One extra thing I have done is to keep the cloth nappy wipes I used to use when my babies were little. Maybe I am a hoarder. But I like knowing I have that back up. I also have a stash of old hand towels that I’ve kept just in case. Maybe I will end up using them as rags, but they could come in handy in this current situation. I’m glad I have very basic overlocking skills.

    Yes, skills are the most important thing here, I think. I went to the shops yesterday and there was almost no meat. All the easy stuff like chicken breasts, mince, steaks and ready prepared stuff has been out of stock for a while now, but there were three or four pork shoulders still in the meat case. Maybe people don’t realise how easy it is to cook in the slow cooker? I’m just going to rub it in cumin and oregano, then throw it in the cooker topped with a chopped onion, crushed garlic and 3/4 cup orange juice. Then after 6-10 hours break it all up with a fork and fry it in the leftover juices. Yum!

    I wonder if it is a lack of basic cooking skills that is leaving our shop empty of garlic bread, pasta, pasta sauce, meat pies, frozen chips, etc. And then that leads me to wonder how much of the current empty state of supermarkets is less to do with hoarding and more to do with people not eating out. I saw an article today that said a cafe/pub in Sydney said trade was down 40%, but the Coles next door had a massive line up out the door.

    • Funny you mentioning reusable toilet paper. Expect a post later this weekend on my other blog! Just walked away from my sewing machine 5 minutes ago. 🙂 I’d post here but I’m not sure that the FI/Re crowd is quite ready for it.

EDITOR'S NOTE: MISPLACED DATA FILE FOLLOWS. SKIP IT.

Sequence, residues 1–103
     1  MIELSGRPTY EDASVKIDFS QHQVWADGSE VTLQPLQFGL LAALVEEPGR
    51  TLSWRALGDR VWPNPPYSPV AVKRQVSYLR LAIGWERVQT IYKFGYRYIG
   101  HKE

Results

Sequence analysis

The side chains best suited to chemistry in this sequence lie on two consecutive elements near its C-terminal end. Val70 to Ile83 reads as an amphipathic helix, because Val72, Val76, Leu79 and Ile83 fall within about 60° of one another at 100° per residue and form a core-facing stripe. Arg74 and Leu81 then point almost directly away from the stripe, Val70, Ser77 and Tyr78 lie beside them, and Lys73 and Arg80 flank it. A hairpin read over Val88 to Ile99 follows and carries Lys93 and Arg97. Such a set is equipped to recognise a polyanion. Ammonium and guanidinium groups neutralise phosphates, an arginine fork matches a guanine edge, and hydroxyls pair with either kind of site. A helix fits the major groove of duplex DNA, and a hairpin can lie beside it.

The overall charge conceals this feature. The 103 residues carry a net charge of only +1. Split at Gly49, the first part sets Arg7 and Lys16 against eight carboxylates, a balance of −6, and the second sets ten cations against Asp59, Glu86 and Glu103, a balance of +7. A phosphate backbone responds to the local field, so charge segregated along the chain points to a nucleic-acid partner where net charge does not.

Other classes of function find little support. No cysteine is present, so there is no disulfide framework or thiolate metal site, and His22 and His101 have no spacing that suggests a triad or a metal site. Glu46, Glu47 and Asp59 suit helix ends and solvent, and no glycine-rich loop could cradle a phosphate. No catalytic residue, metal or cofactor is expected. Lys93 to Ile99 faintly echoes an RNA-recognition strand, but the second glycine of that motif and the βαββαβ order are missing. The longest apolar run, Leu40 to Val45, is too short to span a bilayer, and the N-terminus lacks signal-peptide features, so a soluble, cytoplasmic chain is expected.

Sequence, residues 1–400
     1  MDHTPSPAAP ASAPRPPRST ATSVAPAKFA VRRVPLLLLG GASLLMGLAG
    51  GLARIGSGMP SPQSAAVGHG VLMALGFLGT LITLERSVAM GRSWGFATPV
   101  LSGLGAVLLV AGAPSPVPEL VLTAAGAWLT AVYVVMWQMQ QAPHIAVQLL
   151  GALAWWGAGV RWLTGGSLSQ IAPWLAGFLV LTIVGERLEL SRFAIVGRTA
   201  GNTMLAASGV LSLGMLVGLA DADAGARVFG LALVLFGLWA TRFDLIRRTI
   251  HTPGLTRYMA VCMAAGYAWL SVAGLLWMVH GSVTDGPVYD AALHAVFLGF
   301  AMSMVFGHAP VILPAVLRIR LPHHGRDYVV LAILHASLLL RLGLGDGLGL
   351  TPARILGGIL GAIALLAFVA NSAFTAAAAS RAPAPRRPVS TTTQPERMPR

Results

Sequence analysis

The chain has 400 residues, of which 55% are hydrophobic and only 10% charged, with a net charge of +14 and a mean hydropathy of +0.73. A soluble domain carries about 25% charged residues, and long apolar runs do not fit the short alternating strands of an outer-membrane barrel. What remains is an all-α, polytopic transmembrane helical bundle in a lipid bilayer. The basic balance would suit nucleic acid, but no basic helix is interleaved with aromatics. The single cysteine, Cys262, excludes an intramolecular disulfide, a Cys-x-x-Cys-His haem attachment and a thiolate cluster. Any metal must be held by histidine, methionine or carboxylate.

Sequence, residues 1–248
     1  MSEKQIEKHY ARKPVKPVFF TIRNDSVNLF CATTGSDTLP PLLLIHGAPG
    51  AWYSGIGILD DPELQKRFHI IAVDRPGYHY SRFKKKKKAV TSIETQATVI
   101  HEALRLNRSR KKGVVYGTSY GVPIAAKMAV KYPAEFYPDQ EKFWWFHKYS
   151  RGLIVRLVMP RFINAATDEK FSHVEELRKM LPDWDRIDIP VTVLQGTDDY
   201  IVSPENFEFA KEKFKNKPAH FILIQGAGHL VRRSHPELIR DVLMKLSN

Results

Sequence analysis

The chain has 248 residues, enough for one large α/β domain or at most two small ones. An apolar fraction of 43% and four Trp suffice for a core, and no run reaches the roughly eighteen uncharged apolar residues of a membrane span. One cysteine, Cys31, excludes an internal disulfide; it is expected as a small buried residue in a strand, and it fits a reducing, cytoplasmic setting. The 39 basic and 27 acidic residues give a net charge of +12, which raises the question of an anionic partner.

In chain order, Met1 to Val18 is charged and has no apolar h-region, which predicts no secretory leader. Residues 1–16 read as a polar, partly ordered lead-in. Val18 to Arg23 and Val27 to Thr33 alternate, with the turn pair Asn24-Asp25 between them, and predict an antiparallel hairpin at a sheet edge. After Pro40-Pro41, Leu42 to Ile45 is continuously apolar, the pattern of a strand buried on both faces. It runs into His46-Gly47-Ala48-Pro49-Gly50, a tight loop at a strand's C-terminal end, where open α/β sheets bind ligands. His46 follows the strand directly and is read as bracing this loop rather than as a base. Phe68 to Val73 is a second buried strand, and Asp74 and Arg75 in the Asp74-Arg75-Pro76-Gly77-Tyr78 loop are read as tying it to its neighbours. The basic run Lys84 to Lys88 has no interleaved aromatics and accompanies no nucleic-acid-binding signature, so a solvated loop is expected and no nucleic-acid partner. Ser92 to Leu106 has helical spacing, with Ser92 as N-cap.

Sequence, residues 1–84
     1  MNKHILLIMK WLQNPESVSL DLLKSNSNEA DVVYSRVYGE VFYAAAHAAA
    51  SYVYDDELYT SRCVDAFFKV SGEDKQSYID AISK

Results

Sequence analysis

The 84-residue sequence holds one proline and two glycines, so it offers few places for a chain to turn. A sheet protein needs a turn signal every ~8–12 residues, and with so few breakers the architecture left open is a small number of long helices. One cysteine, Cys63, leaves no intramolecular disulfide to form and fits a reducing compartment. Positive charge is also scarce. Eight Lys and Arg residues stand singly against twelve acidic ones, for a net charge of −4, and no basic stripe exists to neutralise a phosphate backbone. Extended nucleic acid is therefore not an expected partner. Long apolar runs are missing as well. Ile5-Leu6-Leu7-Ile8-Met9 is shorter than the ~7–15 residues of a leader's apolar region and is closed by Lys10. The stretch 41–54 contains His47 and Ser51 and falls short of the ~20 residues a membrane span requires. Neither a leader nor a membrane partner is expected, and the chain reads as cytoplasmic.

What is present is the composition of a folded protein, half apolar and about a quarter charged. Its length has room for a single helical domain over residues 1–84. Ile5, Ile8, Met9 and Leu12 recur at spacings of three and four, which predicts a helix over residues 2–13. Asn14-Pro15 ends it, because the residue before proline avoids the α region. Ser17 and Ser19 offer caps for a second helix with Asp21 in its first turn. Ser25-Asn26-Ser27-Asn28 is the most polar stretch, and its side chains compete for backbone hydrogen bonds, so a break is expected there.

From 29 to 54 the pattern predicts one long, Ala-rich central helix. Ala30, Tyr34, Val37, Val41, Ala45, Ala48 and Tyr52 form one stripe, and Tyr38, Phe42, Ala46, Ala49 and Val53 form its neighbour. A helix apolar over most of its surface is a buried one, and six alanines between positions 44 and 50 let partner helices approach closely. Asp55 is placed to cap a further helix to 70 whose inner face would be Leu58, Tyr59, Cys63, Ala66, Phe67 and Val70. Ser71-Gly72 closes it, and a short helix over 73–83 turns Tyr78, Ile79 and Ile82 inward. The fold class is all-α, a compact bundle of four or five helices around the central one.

Love the slow cooker recipe. What a great idea! Having owned a thermomix for the last 7 or 8 years, I always have ingredients on hand rather than ready-made meals. At the moment we’re using up things that we’re growing. The tomatoes are finished (but I have literally 50kgs of diced tomatoes in the freezer) but we’re using squash, beans and zucchini fresh and free form the garden. I’ll save the tinned and frozen stuff for when the garden starts to shut up shop for winter.

  9. I love this timely post! I grew up poor, and my mother bought only things on sale. I followed the same path, to the point my girls were shocked when they finally went to grocery stores and saw you actually can buy things “not on sale” LOL.
    I’ve always had a full pantry of extras purchased on sale and like you, quietly added in February. My husband is responsible for all non-food purchases and is a bit of a packrat. But this paid off when the request came this week from a local hospital for donations of bleach, masks, sanitizer etc, he was able to put together a box of needed items for them. So I really can’t tease him any more for packrat tendencies!
    Stay safe and thank you for well written posts in these stressful times!

  10. It’s a great idea to have a stockpile. It really helps in times of pandemics, financial insecurity, and extreme weather (hurricanes where I live.)

    • Hurricanes??? omg.
      Melbourne is a temperate climate – we get about 4 days’ worth of different weather every day (haha) but no real extremes – except heat in summer.

Leave a Reply

Your email address will not be published. Required fields are marked *